You Need To Eat Carbs If You Want To Lose Weight
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Carbs have had a bad press over the last few years. The now infamous high protein / low carb diet popularised by Dr Robert Atkins way back in 1972, with renewed interest after the release of his second book in 2002, has been a significant catalyst for a myriad of low carb dieting trends. And whilst there may be some weight loss benefits when you alter the balance of carbs in your diet, many people have taken it too far, which could be having vast repercussions on their health.
Here’s some of the main reasons why you need to include this vital nutrient in your diet and why it can help you to lose weight too:
We need more carbs than fat or protein
The foundation of a healthy diet centres around three major macronutrients – protein, carbohydrate and fat. The ideal balance depends on your age and activity level but should be something like this:
Carbohydrates: 45 – 65% of calories
Fat: 20 – 35% of calories
Protein: 10 – 35% of calories
Many people are surprised when they see that they need more carbs than fat or protein.
Fruits & vegetables contain carbohydrates
The word ‘carbohydrate’ immediately conjures up images of refined bread, pasta, biscuits and cakes, yet highly nutritious foods such as fruits and vegetables contain carbohydrates too! It is now recommended that we should all be eating 7+ portions of fruits and vegetables daily to support optimum health and reduce risks of disease. Cutting out fruits and vegetables would be a disaster for your health.
Carbohydrates contain fibre & essential vitamins and minerals
Wholegrains such as oats, rye, quinoa, brown rice, amaranth, buckwheat, spelt and millet are complex carbohydrates which are great sources of fibre and essential micronutrients such as magnesium, potassium, manganese, zinc, selenium and B vitamins. Many of these micronutrients are missing from Western diets, partly because they have been stripped from refined versions and also because people have started to cut out this essential food group from their diets.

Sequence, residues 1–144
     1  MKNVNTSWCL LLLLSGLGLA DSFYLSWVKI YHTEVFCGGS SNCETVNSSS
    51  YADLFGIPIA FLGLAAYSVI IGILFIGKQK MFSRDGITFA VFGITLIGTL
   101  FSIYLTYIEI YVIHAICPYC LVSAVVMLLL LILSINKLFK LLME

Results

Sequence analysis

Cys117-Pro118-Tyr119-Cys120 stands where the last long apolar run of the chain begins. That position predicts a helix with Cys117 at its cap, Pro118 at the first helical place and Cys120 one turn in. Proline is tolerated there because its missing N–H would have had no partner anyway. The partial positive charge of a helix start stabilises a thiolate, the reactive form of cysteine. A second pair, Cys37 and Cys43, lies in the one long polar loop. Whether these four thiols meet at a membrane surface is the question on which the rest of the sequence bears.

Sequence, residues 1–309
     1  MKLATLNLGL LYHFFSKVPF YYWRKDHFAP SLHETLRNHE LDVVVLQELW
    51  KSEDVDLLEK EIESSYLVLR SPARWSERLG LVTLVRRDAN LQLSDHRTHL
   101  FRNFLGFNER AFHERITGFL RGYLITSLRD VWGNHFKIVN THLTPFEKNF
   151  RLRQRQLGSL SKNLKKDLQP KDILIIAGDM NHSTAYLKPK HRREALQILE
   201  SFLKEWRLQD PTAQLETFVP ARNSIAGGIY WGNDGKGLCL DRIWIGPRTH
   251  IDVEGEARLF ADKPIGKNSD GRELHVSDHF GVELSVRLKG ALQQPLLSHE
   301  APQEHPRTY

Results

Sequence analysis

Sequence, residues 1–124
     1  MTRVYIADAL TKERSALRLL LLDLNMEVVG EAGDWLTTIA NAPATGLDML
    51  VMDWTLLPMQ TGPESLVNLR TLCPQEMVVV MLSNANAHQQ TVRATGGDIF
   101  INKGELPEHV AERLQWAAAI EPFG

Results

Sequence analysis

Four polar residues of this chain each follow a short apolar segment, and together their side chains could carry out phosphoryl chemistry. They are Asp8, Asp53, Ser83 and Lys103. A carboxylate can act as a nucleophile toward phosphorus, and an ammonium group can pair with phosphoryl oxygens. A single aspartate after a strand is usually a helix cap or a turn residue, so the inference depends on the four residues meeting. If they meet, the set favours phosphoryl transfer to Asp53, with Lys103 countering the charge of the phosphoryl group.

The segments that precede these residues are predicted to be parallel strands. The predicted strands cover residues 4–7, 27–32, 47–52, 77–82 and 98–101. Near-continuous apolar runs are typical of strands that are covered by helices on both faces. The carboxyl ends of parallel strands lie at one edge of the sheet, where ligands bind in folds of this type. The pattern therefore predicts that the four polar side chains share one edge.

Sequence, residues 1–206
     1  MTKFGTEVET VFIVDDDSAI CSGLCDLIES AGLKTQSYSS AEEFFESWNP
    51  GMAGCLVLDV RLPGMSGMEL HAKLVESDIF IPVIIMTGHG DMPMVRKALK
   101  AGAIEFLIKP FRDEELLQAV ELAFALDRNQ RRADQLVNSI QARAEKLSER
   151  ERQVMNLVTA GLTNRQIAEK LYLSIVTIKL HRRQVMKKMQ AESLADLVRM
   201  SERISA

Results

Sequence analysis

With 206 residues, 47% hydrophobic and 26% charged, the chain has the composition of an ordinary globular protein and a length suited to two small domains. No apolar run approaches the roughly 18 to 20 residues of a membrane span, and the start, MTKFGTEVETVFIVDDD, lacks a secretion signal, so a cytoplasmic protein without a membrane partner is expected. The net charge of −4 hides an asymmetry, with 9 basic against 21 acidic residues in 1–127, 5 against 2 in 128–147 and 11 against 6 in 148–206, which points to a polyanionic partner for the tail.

Nutrient-dense carbohydrates can reduce your disease risk
Research has shown that regular intake of complex wholegrains such as oats and rye can reduce your risks of heart disease, diabetes and certain types of cancer. Increased consumption of fruits and vegetables is associated with significantly better health outcomes too.
Eat the right carbs in the right balance
Complex carbohydrates such as fruits, vegetables and wholegrains are packed full of slow release carbohydrate and fibre and are slowly digested into your bloodstream. They can help you to feel fuller for longer and so help to support weight loss by supporting balanced energy and reduced food cravings. However, refined carbohydrates such as white bread, white pasta, biscuits, cakes, sugary drinks and snacks are an absolute no-no for weight loss and these are the carbohydrate foods that have given the whole family a bad name. If you want to lose weight, cut out refined carbohydrates and replace them with complex carbohydrates instead. It is also perfectly ok to slightly alter the balance of macronutrients in your diet if you find this helps to support weight loss. Many people find that eating slightly more protein and slightly less complex carbohydrates can help to accelerate weight loss – experiment with this balance and see what works for you. So, whilst you should ditch white flour and refined sugar from your diet, it’s a mistake to try and cut out all carbohydrates completely.
The key to weight loss is eating the right carbs in the right balance:
• Include these carbs – fruits, vegetables, oats, rye, quinoa, brown rice, amaranth, buckwheat, spelt and millet
• Cut out these carbs – white bread, white pasta, white rice, cakes, biscuits, sweets, added sugar, fruit cordial, fizzy drinks, alcohol and energy drinks (unless you’re an athlete of course!)
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Nutri Advanced has a thorough researching process and for any references are included, each source is scrutinised beforehand. We aim to use the highest value source where possible, referencing peer-reviewed journals and official guidelines in the first instance before alternatives. You can learn more about how we ensure our content is accurate at time of publication on our editorial policy.
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